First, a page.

Southern Miss, Old Dominion, and Marshall want to leave Conference USA early — but the league is not about to let that happen peacefully. Strap yourselves in and hold on.
Across the wide world of college sports, conference realignment — or straight-up consolidation, in some cases — is always happening. Even if it’s not at the Power 5 level, schools switch leagues all the time, across NCAA divisions. It’s often not a problem, though sometimes it makes headlines when a bitter conference seeks to punish outgoing member schools or student-athletes.
What’s happening right now in Conference USA goes beyond that, with the league and three of its nine outgoing schools at a standoff regarding when exactly that exit is going to occur. Marshall, Old Dominion, and Southern Mississippi have all announced their intention to leave the conference this June. Meanwhile, Conference USA is still planning for those three to compete next year.
And neither side seems prepared to back down.
How Did We Get Here?
The dominoes began to fall over the summer when Texas and Oklahoma announced they were leaving the Big 12 for the SEC. That forced the Big 12 to expand, poaching football independent BYU and Houston, Cincinnati, and UCF from the American Athletic Conference. The American then back-filled by taking six schools from… yes, Conference USA.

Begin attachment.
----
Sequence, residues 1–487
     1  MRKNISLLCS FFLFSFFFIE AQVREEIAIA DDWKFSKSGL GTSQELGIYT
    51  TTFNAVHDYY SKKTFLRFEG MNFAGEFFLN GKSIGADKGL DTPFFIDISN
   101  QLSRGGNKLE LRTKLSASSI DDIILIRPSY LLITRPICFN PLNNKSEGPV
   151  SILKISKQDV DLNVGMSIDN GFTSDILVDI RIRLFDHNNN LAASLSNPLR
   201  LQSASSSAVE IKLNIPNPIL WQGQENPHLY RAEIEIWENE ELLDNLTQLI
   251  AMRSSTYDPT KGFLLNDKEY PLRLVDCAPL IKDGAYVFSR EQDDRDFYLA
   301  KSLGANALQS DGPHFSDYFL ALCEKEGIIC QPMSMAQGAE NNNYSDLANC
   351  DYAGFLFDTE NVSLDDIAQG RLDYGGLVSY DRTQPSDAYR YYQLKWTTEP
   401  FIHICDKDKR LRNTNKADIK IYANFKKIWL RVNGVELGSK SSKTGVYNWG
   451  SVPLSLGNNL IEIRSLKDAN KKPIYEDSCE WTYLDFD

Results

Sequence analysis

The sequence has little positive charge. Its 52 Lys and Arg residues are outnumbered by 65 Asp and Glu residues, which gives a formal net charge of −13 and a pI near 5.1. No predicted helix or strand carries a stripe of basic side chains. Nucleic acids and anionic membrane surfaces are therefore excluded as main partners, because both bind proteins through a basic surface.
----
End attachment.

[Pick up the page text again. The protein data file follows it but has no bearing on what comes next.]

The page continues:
Marshall, Old Dominion, and Southern Miss were not part of that group headed for the AAC, but they were left with a severely diminished league and sought refuge in the Sun Belt.
That part happened in December, and according to CUSA bylaws, departing schools must give 14 months notice and forfeit two years of conference distribution revenue. So it seemed that those three would hang around until the end of the 2022-23 academic year.
It should be noted that schools rarely wait out the full notice period when they move. Usually, the school and conference get together, negotiate an increased exit fee, and part ways much sooner. That’s why it wasn’t earth-shattering when Marshall, ODU, and Southern Miss announced last week their intentions to leave this summer instead of waiting around.
Then, things got weird.